- Crude oil prices fell after the EIA reported a 14.5 million barrel draw on crude inventories
- The 14.5 million barrel decrease was the largest since Jan 1, 1999, which saw 15.2 mb removed
- Large decreases in crude oil inventories may impact prices as supply glut fears ease
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Crude oil prices spiked approximately 2.3 percent this morning following the release of the Energy Information Agency’s weekly inventory report. The data showed US crude inventories decreased by 14.5 million barrels from the previous week - the largest recorded, single-week draw since the opening week of 1999. Inventories being held at the Oklahoma Cushing reserve fell by 434 thousand barrels, and gasoline inventories fell by 4.2 million barrels. This data comes just a day after the America Petroleum Institute reported a 12 million barrel draw in crude inventories.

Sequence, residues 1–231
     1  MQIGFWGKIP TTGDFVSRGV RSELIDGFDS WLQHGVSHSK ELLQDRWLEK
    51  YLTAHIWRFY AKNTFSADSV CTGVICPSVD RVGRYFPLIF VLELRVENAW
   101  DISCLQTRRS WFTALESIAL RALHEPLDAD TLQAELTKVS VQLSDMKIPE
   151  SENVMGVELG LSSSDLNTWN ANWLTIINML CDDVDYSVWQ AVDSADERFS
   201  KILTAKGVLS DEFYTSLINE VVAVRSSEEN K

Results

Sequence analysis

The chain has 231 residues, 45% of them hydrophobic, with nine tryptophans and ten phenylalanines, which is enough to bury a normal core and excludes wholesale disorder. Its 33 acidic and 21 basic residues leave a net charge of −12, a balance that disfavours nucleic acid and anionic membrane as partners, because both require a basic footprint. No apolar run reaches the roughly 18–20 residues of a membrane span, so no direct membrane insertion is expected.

The large drop in inventories may have moved prices as it directly impacts the current status of US oil supply – a country that represents one of the largest supplies and consumers of the commodity. Easing of the oil supply glut is generally bullish for prices. However, the permanence of this supply-demand rebalance should not be concluded from this update alone. Some analysts are pointing out that this slide in holdings may also be a temporary response to the inclement weather with Tropical Storm Newton and Hurricane Hermine diverting shipments. OPEC members are also set to meet at the end of this month at the side lines of an energy conference in Algeria. Members and non-members reportedly plan to discuss cooperative production policies that may help to further ease the downward pressure on oil prices.
Tomorrow the Baker Hughes rig count report will be released at 17:00 GMT.
(Data from Bloomberg)